Galás also sings in a Blues style, interpreting a wide range of blues songs with her unique piano and vocal styles. This aspect of her work is perhaps best represented by her 1992 album, The Singer, on which she covered Willie Dixon, Roy Acuff, and Screamin' Jay Hawkins, as well as "Gloomy Sunday", a song written by Hungarian pianist and composer Rezső Seress in 1933 and translated into English by Desmond Carter.

In 1993 Galás released Judgement Day, a video of her performances, and Vena Cava, a live album, recorded at The Kitchen in 1992.

In 1994 Galás collaborated with Led Zeppelin bassist John Paul Jones, a longtime admirer of the singer. The resulting record, The Sporting Life, was released the same year. She was also featured on the soundtrack for Oliver Stone's Natural Born Killers.

In 1995 Galás contributed her voice to the eponymous album of British synth-pop duo, Erasure, at the invitation of the lead singer, Andy Bell.[6]

Galás has published one book, The Shit of God, in 1996. It contains many of her original writings. Also in 1996, she released Schrei X, a live recording.

In 1997, Galás contributed vocals to the album Closed on Account of Rabies, a tribute to Edgar Allan Poe which also included Iggy Pop, Debbie Harry and Marianne Faithfull, lending their voices to the tales of the legendary author. Galás' reading of "The Black Cat" was the longest recording on the compilation.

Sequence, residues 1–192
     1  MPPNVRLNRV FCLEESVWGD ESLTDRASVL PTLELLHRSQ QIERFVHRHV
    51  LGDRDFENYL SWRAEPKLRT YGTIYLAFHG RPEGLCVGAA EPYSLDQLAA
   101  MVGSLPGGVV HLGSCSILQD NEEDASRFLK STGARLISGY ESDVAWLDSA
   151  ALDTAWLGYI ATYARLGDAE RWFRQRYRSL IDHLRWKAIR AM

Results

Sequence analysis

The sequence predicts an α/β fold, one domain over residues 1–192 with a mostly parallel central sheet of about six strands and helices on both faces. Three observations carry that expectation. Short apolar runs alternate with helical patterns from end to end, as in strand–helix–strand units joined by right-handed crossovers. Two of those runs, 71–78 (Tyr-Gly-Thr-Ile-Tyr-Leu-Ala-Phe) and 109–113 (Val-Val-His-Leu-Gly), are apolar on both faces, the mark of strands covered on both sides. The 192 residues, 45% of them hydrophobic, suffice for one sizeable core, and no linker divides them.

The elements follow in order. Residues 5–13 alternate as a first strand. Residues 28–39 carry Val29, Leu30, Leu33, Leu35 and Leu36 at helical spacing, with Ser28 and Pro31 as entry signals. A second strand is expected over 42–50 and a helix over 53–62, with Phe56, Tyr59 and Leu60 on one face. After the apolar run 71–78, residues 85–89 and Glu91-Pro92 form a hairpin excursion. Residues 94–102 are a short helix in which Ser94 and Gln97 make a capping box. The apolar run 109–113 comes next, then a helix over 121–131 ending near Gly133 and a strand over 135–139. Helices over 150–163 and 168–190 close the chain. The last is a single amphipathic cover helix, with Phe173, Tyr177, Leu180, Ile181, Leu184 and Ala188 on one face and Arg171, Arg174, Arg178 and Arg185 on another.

In 1998 Galás released Malediction and Prayer, which was recorded live in 1996 and 1997.

In 2000 Galás worked with Recoil, contributing her voice to the album Liquid. She's the lead vocalist on the album's first single, "Strange Hours", for which she also wrote the lyrics, and can be heard on "Jezebel" and "Vertigen" as a backing vocalist.

In August 2004 Galás released the album Defixiones, Will and Testament: Orders from the Dead, an 80-minute memorial to the Armenian, Greek, Assyrian and Hellenic victims of the Turkish genocide. Defixiones refers to the warnings on Greek gravestones against removing the remains of the dead. In December 2004 Galás released, La Serpenta Canta a live album including material recorded between May 1999 & November 2002.

In 2005, Galás was awarded Italy's prestigious Demetrio Stratos International Career Award.

In 2008, Galás released her seventh live album, Guilty Guilty Guilty.

Galás' vocals from her song "Orders from the Dead" were used on the album Aealo by Greek black metal band Rotting Christ, released in February 2010.

In 2011, she collaborated with Soviet dissident artist Vladislav Shabalin for "Aquarium", a sound installation inspired by the environmental disaster in the Gulf of Mexico. The event took place at Leonhardskirche in Basel (Switzerland) from June 12 to 19.[7]